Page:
Schedule-Aware Transactions for Ambient Intelligence Environments

Schedule-Aware Transactions for Ambient Intelligence Environments

Vasileios Fotopoulos (University of Ioannina, Greece), Apostolos Zarras (University of Ioannina, Greece) and Panos Vassiliadis (University of Ioannina, Greece)
DOI: 10.4018/978-1-4666-0038-6.ch020
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Abstract

In this paper, the authors investigate the concept of designing user-centric transaction protocols toward achieving dependable coordination in AmI environments. As a proof-of-concept, this paper presents a protocol that takes into account the schedules of roaming users, which move from one AmI environment to another, avoiding abnormal termination of transactions when users leave an environment for a short time and return later. The authors compare the proposed schedule-aware protocol against a schedule-agnostic one. Findings show that the use of user-centric information in such situations is quite beneficial.
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Introduction

The rapid emergence of novel technologies in the fields of mobile computing and networking fostered the transition from conventional distributed systems to mobile computing systems that consist of fixed and mobile devices (such as PDAs, Pocket PCs, smart-phones), which collaborate through wireless networking infrastructures. Going one step further, the vision of Ambient Intelligence (AmI) investigates the possibility of realizing mobile computing environments that are aware and responsive to the presence of people (Aarts, Harwig, & Schuurmans, 2003; Weber et al., 2003). AmI is based on Weiser's pioneer work on ubiquitous computing (Weiser, 1991), which evolved later on to the concept of pervasive computing. Pervasive computing aims at a digital world, consisting of interconnected electronic devices that support the quotidian activities of people. AmI is particularly concerned by the users’ experience in such a digital world. In other words, AmI puts a specific focus on the users and targets the development of user-centric digital environments that account for the users’ needs, habits and satisfaction, while offering support that allows them to perform their everyday activities.

The vision of AmI motivates research towards coordination protocols that involve both mobile and fixed entities. In this paper, we particularly investigate the need for designing user-centric transaction protocols to achieve dependable coordination in AmI environments. User-centric information can be exploited while coordinating a set of transaction participants towards avoiding abnormal transaction terminations.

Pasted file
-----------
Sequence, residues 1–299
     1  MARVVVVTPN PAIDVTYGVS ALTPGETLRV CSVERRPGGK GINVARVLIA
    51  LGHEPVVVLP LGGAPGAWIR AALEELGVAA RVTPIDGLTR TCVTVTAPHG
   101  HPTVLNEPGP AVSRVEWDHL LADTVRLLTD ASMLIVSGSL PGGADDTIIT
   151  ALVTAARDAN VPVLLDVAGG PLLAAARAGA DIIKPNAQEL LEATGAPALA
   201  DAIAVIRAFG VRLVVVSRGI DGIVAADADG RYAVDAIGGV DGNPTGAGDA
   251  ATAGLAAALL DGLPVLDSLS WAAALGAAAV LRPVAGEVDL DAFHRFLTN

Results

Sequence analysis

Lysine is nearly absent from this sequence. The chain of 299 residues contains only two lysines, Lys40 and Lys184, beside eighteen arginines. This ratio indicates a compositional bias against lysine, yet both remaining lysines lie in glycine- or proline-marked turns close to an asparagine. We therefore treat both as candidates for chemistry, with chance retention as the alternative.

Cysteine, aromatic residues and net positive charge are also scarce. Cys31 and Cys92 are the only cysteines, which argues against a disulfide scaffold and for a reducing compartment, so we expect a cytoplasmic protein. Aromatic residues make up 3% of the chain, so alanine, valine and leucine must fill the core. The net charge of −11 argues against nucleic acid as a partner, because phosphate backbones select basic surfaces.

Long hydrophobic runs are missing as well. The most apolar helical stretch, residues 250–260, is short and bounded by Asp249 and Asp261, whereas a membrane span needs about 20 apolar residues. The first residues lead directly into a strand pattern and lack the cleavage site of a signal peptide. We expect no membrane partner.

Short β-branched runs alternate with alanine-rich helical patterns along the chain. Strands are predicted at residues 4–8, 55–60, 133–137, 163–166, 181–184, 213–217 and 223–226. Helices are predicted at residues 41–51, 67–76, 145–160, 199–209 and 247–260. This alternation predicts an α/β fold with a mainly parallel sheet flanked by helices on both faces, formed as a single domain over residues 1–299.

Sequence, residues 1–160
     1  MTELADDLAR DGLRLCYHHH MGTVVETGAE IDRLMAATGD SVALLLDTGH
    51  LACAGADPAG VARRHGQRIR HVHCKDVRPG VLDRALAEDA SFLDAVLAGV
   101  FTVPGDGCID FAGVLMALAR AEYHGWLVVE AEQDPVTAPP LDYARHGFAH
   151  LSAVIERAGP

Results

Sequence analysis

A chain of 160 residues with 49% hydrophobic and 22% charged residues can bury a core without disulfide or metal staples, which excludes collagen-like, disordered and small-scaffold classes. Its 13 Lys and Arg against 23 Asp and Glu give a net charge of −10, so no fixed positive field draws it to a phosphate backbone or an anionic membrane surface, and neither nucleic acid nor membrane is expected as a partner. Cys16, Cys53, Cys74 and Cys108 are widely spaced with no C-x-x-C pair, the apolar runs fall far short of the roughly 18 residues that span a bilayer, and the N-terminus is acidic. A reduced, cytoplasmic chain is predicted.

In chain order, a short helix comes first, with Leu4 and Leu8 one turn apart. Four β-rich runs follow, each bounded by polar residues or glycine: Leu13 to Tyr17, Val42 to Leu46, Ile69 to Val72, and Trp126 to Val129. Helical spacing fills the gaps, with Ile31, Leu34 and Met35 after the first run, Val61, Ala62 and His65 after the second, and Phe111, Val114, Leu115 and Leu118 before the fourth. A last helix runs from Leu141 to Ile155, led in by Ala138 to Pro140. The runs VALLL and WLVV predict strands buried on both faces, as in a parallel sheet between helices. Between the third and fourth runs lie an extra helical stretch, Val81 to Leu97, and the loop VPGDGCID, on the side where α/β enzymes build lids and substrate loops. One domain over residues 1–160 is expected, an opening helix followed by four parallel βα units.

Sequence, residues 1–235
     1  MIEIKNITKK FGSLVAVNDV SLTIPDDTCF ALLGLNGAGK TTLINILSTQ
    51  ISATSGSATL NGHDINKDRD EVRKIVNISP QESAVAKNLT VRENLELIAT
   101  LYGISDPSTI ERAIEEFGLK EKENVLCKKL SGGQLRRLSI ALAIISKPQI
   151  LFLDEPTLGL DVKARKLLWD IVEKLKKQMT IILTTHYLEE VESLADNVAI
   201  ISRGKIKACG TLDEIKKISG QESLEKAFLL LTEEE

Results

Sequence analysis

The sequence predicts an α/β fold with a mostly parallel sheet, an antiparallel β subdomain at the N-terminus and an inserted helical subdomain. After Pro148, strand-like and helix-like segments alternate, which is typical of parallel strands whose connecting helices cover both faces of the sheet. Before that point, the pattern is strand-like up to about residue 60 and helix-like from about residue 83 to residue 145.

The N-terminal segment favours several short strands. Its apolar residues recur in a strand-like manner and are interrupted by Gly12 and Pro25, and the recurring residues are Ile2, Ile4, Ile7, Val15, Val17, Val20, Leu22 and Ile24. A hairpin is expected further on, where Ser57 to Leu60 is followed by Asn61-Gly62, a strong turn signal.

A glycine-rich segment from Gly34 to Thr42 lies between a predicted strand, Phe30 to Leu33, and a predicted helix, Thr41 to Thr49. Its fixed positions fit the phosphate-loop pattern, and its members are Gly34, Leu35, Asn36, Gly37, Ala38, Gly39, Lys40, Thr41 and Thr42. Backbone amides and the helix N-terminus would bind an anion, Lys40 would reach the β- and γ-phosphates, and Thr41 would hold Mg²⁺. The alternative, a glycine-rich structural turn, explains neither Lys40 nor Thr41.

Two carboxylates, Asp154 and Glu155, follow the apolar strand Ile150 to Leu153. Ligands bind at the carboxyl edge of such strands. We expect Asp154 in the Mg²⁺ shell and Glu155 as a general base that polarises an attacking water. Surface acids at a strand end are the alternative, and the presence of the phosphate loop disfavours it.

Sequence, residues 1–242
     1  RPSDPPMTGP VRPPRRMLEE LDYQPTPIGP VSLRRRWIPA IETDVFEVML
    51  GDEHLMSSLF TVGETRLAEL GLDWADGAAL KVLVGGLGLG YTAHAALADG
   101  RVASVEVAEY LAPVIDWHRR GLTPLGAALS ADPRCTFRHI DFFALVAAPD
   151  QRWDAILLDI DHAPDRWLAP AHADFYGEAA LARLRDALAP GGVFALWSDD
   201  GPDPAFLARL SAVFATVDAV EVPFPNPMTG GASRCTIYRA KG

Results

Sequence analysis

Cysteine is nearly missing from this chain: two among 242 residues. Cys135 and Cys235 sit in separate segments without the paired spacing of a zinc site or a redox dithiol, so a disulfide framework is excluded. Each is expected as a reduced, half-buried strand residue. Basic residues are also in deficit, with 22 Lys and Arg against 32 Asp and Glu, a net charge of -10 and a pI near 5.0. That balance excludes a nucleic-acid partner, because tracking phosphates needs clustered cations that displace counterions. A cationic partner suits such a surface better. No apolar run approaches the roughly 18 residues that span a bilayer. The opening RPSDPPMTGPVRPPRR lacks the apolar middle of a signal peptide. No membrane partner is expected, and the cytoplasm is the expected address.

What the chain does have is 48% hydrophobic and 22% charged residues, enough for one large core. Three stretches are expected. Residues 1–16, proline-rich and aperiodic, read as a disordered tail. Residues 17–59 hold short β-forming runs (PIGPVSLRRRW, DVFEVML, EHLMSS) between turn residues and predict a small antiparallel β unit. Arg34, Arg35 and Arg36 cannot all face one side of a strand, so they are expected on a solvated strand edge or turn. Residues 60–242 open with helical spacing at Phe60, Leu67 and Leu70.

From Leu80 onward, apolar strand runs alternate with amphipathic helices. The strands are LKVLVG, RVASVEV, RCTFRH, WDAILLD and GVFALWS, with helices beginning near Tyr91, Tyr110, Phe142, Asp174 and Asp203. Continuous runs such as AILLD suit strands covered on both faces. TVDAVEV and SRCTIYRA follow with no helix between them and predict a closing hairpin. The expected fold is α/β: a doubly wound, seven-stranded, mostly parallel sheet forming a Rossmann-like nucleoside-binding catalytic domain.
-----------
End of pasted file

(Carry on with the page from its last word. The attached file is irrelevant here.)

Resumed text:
In this context, we focus on the abnormal ending of a transaction that takes place within an AmI environment, due to the fact that one or more participating users leave the environment. Leaving the environment means that the users’ devices are no longer reachable, via the networking infrastructure that supports the transaction coordination. The idea behind our approach is that if there is a certain level of knowledge behind the schedule of each participating user (i.e., the way the user moves from one environment to another), then we can exploit it to avoid abnormal transaction terminations, where a roaming user leaves the environment for short, only to return later.

Taking a simple example, consider a conference that takes place in a number of conference rooms. Several researchers attend a technical session in conference room A (i.e., environment A). In this situation, a number of colleagues want to arrange a meeting for dinner or work after the technical session. One of them browses, using his Pocket-PC, information regarding available meeting places. His goal is to book a place at a certain time and insert a dinner meeting in the agenda applications that execute on his colleagues’ laptops or Pocket-PCs. Obviously, setting up the dinner meeting involves performing a distributed transaction amongst the mobile devices that host the agenda applications. The transaction requires each participant’s agenda application to execute a local transaction and verify that there are no other obligations of the participant at the meeting time. This task might take a certain amount of time to complete. Assume now that during this time period, one of the participants leaves the gathering before the transaction completes, because his talk starts at conference room B (i.e., environment B). In such a situation, typical transaction protocols would abort the transaction, wasting thus the energy resources that were spent up to this point. Nevertheless, the transaction may have a chance for successful completion if we consider that the colleagues shall reunite after the coffee break. Hence, if the transaction protocol could be enriched with such kind of user-centric information (i.e., the users schedules) and reason with respect to this information, all the work that has been performed for fixing the dinner meeting would not be wasted.

Based on the previous discussion, the contribution of this paper consists of designing a schedule-aware protocol and comparing it against a schedule-agnostic one. Specifically, in Section 2 we present the necessary background and state-of-the art for this paper. In Section 3 we detail the proposed protocol. In Section 4, we present our experimental results. Finally, in Section 5 we summarize our contribution and provide insights for future work.

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